Loss of earning capacity when working full time in original job

Mills v BHP Coal Pty Ltd [2017] QSC 184

McMeekin J

In October 2014 the plaintiff suffered an injury to his cervical spine and right rotator cuff in the course of his employment with the defendant.

Liability and several heads of damage were agreed. The issues left for determination were general damages, damages for future impairment of earning capacity and damages for future earning expenses.

Relevantly, the plaintiff was working full time in his original position and aged 58 years at trial.

General Damages

After summarising the application of section 306P of the Workers’ Compensation and Rehabilitation Act 2014 (Qld) and section 130 of the Regulations, McMeekin J assessed general damages at $33,230. His Honour took into account the plaintiff’s account of his ongoing pain, the dominant shoulder injury in excess of 12% DPI and cervical spine injury of 5%, allowing an ISV of 19:

[12] Mr Mills has daily and significant pain. He reports that he is in agony. Quite apart from his reports of pain it was evident in observing him in the witness box that he struggles with his right arm. He was barely able to raise it to place his hand on the Bible to take his oath. He frequently held the injured shoulder and grimaced with apparent pain. There was no doubting his honesty or integrity. His companions have commented on his obvious tremors. He has required guided injections of steroids and has twice undergone surgery. He needs pain relieving medication. He resorts to much stronger pain killers and alcohol on weekends to relieve his pain. He experiences numbness, weakness and has anxiety. His problems are aggravated by his duties at work and the long drives that he undertakes to get to and from the mine site.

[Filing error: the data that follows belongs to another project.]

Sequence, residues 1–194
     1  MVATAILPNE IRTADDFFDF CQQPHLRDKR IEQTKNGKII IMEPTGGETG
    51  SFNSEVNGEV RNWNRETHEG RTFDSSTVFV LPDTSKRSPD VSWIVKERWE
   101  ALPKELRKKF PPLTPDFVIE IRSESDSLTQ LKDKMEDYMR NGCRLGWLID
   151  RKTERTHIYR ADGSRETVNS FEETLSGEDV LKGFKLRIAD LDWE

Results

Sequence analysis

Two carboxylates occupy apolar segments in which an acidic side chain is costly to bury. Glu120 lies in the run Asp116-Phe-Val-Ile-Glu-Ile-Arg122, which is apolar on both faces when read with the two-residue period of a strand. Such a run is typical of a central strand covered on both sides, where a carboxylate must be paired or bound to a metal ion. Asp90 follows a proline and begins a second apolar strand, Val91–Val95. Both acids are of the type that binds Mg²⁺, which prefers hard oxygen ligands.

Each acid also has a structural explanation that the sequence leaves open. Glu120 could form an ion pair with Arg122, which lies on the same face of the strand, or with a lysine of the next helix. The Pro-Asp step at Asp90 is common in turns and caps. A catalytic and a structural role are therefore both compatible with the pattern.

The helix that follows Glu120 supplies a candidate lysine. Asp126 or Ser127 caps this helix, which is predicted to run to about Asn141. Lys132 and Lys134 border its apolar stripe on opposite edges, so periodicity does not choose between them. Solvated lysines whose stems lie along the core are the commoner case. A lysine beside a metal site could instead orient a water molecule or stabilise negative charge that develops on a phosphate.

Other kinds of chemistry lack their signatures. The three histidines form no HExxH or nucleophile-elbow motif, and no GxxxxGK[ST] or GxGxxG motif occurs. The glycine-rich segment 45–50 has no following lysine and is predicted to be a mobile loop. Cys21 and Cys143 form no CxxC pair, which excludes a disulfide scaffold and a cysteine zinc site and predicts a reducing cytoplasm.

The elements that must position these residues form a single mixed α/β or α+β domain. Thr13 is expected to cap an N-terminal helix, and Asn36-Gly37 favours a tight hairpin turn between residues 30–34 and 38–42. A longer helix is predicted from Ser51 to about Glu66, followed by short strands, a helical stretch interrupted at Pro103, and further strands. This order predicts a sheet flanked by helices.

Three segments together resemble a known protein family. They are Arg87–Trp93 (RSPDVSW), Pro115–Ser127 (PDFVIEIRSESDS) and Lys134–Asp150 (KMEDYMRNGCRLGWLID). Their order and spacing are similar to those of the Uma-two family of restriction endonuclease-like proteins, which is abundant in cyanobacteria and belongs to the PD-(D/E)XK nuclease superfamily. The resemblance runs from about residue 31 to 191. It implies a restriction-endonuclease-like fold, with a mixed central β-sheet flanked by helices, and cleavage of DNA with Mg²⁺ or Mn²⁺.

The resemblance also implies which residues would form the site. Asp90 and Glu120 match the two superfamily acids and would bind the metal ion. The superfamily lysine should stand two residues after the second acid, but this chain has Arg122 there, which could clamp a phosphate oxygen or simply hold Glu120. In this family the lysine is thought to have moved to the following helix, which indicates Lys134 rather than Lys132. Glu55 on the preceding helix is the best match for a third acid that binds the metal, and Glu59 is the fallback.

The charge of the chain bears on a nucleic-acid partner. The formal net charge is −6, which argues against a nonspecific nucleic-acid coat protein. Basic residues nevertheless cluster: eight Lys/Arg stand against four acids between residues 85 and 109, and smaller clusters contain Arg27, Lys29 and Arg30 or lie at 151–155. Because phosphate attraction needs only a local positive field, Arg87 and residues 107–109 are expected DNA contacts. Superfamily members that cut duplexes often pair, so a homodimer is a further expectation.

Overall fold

[13] The impairment ratings by the experts show that an ISV at the top of the range is amply justified and arguably understates the impact of the injuries on Mr Mills

Future Economic Loss

As to the plaintiff’s future economic loss, McMeekin J stated as follows:

[15] … Mr Mills has returned to his pre-accident employment. He is a coal load out operator at the Goonyella Riverside coal mine. He works under a modified duties programme. He has worked at the mine for 42 years and in the wash plant there for decades. He is highly skilled in the work and is entrusted with training other operators. His employer is obviously sympathetic to him, at least under present management. There is no ongoing loss of income. That of course does not mean that there is no loss of earning capacity…

[17] Mr Mills says that he is struggling now to complete the tasks expected of him. His plan is to take a year off work on long leave and then assess how things are. He is owed about 39 weeks’ leave. He generally finds that he is much more comfortable at home and when away from his employment duties. He avoids taking strong pain killers at work. He thinks that he may well not return to work after a long period of leave. Had he not been injured he planned to work to age 70 years. He has little in the way of assets, has a substantial mortgage, and his presently anticipated superannuation pension is well below his present income…

[18] BHP argues that Mr Mills can effectively stay in employment as long as he desires, that there is no pressure on him from management to leave, that he functions well on his restricted duties, and that he was most unlikely to work to age 70 if uninjured. BHP points out that he recently passed his six monthly coal board medical. As well there is the prospect of the degenerative condition becoming symptomatic…